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Date added: 10.3.2015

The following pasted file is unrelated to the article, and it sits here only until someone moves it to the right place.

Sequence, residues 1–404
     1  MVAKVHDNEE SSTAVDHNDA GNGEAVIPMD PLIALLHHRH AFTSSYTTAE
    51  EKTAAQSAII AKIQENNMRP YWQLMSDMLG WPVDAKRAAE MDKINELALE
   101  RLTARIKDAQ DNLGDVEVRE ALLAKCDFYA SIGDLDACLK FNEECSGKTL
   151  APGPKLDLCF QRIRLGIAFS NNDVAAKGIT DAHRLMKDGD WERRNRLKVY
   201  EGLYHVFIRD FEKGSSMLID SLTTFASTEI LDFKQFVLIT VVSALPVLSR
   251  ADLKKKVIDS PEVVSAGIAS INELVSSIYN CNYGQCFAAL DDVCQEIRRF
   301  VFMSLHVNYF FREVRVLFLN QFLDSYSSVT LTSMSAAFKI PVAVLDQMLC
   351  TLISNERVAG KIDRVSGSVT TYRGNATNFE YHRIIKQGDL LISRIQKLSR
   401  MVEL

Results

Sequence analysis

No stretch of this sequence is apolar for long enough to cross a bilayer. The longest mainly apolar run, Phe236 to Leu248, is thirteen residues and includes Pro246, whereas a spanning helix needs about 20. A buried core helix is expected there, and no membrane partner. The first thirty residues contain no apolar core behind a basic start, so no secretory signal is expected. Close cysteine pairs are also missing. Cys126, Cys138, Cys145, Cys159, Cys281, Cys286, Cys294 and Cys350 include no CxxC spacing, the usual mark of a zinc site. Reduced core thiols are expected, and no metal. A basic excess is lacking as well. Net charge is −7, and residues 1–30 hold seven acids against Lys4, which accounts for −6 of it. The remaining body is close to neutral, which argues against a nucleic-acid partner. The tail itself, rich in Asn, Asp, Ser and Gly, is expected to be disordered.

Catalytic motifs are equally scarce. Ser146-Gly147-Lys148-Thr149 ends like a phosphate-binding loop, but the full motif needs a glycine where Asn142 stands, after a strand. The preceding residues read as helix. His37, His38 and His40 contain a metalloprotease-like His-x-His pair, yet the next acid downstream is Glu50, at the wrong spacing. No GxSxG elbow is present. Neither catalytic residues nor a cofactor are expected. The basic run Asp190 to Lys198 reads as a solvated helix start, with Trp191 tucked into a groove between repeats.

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It is known that many control processes are characterized by both quantitative and qualitative complexity. Tbe quantitative complexity is usually expressed in a large number of state variables, respectively high dimensional mathematical model. TbeMoreIt is known that many control processes are characterized by both quantitative and qualitative complexity. Tbe quantitative complexity is usually expressed in a large number of state variables, respectively high dimensional mathematical model. Tbe qualitative complexity is usually associated with uncertain behaviour, respectively approximately known mathematical model. If the above two aspects of complexity are considered separately, the corresponding control problem can be easily solved. On one hand, large scale systems theory has existed for more than 20 years and has proved its capabilities in solving high dimensional control problems on the basis of decomposition, hierarchy, decentralization and multilayers. On the other hand, the fuzzy linguistic approach is almost at the same age and has shown its advantages in solving approximately formulated control problems on the basis of linguistic reasoning and logical inference. However, if both aspects of complexity are considered together, the corresponding control problem becomes non-trivial and does not have an easy solution. Modem control theory and practice have reacted accordingly to the above mentioned new cballenges of tbe day by utilizing the latest achievements in computer technology and artificial intelligence distributed computation and intelligent operation. In this respect, a new field has emerged in the last decade, called Distributed intelligent control systems . However, the majority of the familiar works in this field are still either on an empirical or on a conceptual level and this is a significant drawback. Distributed Fuzzy Control of Multivariable Systems by Alexander Gegov